I'm a total novice when it comes to Civil War operations in the far west and as part of my recent interest I came across The Army of the Pacific: Its Operations in California, Texas, Arizona, New Mexico, Utah, Nevada, Oregon, Washington, plains region, Mexico, etc. 1860-1866 by Aurora Hunt (1881-1965) and published by the venerable Arthur H. Clark Co. in 1951. Readers may recall that I first wrote of this fine press when I posted on The Organization and Administration of the Union Army back in January 2011.
According to one online writer, “the name ‘Army of the Pacific’ described both Union volunteer units recruited to stay in the Pacific coast states and territories, guarding them from natives and supposed Confederate incursions, and the mix of Regular and volunteer Union units known as the ‘California Column’ sent off to deal with Confederate regulars and irregulars in Arizona and New Mexico. Although they did fight the westernmost land battle in the Civil War (at Pichacho Pass in Arizona) against a few Confederate scouts, by the time they got to New Mexico the Confederates under General Sibley had been turned back at Glorieta Pass and retreated all the way to Texas, and the Californians were put on garrison duty, had occasional Indian encounters, and engaged in minor persecution of Mormons. The ones left behind didn’t have much excitement either, with a few miscellaneous skirmishes against various tribes and now and then the arrest of some real or imaginary Confederate agents.”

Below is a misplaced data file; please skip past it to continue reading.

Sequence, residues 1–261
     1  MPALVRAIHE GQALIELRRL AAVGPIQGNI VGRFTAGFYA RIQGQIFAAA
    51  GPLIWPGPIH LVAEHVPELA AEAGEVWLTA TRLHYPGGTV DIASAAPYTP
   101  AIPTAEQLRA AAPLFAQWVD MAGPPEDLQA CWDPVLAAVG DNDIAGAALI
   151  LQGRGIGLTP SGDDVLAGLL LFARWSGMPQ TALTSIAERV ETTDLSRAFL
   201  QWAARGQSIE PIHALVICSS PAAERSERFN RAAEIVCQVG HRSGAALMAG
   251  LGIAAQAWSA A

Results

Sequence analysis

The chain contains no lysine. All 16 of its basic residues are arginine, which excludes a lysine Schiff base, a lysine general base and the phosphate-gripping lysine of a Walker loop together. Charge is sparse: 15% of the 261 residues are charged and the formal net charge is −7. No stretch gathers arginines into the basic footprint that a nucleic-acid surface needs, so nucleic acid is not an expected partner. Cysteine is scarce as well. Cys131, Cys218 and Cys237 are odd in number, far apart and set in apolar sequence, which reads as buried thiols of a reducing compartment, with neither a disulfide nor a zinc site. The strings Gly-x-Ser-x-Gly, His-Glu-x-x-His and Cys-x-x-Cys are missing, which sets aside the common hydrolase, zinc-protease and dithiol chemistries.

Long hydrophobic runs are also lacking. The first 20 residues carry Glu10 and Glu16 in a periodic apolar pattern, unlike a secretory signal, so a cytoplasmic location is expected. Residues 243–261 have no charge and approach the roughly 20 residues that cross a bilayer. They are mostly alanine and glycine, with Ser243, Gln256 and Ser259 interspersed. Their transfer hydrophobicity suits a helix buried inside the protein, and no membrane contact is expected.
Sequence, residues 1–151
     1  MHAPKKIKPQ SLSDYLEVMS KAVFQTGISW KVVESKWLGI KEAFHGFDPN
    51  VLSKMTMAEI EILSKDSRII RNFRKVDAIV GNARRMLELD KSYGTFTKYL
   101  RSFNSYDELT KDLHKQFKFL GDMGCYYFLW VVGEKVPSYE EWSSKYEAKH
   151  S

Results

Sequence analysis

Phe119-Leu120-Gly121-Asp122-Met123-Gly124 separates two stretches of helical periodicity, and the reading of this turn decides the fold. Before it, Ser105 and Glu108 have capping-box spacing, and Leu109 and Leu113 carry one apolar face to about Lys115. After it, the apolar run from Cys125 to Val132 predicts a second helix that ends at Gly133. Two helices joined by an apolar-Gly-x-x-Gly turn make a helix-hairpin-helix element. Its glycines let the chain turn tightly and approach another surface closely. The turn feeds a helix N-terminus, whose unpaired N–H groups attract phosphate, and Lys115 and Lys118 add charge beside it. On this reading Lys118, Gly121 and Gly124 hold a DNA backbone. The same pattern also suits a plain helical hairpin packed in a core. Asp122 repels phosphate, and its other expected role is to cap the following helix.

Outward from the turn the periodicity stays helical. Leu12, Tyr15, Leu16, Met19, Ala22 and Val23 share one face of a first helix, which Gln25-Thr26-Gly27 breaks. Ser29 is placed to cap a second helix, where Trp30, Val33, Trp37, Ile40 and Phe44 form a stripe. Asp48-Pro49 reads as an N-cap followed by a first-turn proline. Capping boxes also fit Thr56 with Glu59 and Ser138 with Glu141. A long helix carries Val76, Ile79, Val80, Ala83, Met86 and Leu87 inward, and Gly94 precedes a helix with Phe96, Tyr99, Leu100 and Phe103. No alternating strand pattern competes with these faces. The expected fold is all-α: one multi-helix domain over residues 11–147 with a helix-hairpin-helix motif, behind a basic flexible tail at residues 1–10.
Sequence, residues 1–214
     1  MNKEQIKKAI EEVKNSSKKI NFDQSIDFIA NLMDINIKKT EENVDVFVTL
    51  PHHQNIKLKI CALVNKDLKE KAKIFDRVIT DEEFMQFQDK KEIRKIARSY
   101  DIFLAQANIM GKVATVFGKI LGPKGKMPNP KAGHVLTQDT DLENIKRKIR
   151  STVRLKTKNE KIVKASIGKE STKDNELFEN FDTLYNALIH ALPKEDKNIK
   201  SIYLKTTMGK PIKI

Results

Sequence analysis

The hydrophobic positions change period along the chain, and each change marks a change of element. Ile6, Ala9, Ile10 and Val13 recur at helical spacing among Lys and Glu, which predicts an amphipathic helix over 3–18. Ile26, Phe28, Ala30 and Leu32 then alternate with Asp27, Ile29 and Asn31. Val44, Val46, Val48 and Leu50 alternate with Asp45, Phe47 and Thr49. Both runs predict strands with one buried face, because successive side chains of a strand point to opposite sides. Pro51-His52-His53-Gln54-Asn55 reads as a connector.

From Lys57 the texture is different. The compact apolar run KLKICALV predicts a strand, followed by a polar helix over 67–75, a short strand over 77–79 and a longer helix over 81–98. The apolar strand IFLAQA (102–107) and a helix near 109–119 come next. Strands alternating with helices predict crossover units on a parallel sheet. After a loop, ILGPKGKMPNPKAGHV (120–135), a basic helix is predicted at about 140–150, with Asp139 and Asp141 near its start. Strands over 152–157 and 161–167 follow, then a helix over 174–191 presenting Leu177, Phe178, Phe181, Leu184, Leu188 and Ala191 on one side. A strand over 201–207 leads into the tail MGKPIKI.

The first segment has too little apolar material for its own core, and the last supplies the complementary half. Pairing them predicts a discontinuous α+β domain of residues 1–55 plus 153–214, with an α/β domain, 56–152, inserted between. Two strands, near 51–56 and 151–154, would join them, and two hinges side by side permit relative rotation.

The Arthur H. Clark Company published this book as the first volume in their distinguished Frontier Military series. As for the author, her study was based largely on primary sources, including information obtained directly from the soldiers' descendants and rare territorial newspapers. Though the book may at one time have been considered the standard work, it now appears to be a bit dated though still quite useful. Other criticisms (Nevins) include that at 400+ pages, it was far longer than it needed to be. Nevertheless, as it was published by the Arthur Clark Company, it has maintained a high level of desirability among first edition collectors.
Like all Clark books, the work was published in dark blue cloth covers with gold gilt lettering on the spine and top edges of the sheets. The paper was a heavy, cream-colored stock with deckled edges, just what you would expect from a fine press. This one also featured 17 sepia plates and a fold-out map. I do not believe there was a dust jacket per se with this book though one bookseller reported to me that the book came in a plain white jacket with a hole cut in the front for the book’s front panel lettering to show through. As you can see here, fine first editions are not that common, with most of those available being ex-library. One bookseller reports that 1023 copies were printed.
In more recent years, the book was reissued by Stackpole and is readily available.